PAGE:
The following sections explain how to integrate your .slint designs into your C++ application. The entry point is the .slint file containing the primary component you need to instantiate from C++.

Slint is a very flexible system and allows for different integration options.

First you can compile your Slint designs ahead of time into C++ code. This code is then built into your application. This allows for the smallest possible memory footprint and the best possible performance.

The second approach is to load your Slint designs at run-time, interpreting them as needed. This enables even more dynamic user interfaces that can be changed at run-time, but comes at the price of having less opportunity to apply optimizations.

Either way, once your user interface is shown, you interact with it from C++, for example by setting properties, populating data models or setting up and handling callbacks to react to events triggered by the user.

Compiled .slint Designs#

The provided CMake integration makes it easy to compile your Slint sources: The slint_target_sources CMake command makes the translation automatic. The generated code has an API to set and get property values, etc. This API uses types from the slint namespace, for example slint::SharedString or slint::Color.

Run-Time Interpreted .slint Designs#

Instead of compiling .slint designs to C++, you can dynamically load .slint files at run-time. This is slower than compiling them ahead of time and requires more memory, however it provides more flexibility in your application design.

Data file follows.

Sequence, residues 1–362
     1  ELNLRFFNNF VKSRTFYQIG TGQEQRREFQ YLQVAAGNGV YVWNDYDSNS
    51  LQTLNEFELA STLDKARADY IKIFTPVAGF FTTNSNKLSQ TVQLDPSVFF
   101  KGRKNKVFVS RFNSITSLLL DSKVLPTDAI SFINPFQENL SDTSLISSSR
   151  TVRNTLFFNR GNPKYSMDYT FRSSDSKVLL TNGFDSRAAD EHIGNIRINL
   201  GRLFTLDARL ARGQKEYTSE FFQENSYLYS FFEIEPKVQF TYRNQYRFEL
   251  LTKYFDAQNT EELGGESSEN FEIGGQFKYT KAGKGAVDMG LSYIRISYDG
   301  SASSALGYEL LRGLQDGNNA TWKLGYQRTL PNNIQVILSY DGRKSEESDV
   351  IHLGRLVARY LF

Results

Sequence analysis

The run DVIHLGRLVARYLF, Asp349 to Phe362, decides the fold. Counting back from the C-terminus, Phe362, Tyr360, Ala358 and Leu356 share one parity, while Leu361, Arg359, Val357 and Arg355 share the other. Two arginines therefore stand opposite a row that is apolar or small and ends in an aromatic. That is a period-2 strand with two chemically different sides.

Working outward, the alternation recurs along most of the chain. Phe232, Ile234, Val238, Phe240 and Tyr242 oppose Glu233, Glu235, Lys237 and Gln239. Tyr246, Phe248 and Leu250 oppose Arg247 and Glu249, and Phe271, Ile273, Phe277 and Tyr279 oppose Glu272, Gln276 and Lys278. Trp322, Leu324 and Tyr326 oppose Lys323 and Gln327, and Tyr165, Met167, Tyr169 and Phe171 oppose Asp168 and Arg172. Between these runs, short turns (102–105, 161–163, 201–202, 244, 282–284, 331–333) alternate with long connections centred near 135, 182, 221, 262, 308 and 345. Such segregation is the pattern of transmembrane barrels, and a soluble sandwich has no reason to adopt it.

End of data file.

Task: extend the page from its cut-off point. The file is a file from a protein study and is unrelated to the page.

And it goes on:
The entry point to loading a .slint file is the slint::interpreter::ComponentCompiler class in the slint::interpreter namespace.

With the help of slint::interpreter::ComponentCompiler you create a slint::interpreter::ComponentDefinition, which provides information on properties and callbacks common to all instances. The slint::interpreter::ComponentDefinition::create() function creates new instances, wrapped in a slint::ComponentHandle. This is a smart pointer that owns the actual instance and keeps it alive as long as at least one slint::ComponentHandle is in scope, similar to std::shared_ptr<T>.

All property values in .slint are mapped to slint::interpreter::Value in C++. This is a polymorphic data type that can hold different kinds of values, such as numbers, strings or even data models.

More complex user interfaces commonly consume data in the form of an abstract data model, that is used with for - in repetitions or ListView elements in the .slint language. All models in C++ with the interpreter API are sub-classes of the slint::Model where the template parameter is slint::interpreter::Value. To provide your own data model, you can subclass slint::Model<slint::interpreter::Value>.

It’s possible to declare singletons that are globally available in .slint files. You can access them from to your C++ code by exporting them and using the getter and setter functions on slint::interpreter::ComponentInstance to change properties and callbacks:

  1. slint::interpreter::ComponentInstance::set_global_property()

  2. slint::interpreter::ComponentInstance::get_global_property()

  3. slint::interpreter::ComponentInstance::set_global_callback()

  4. slint::interpreter::ComponentInstance::invoke_global_callback()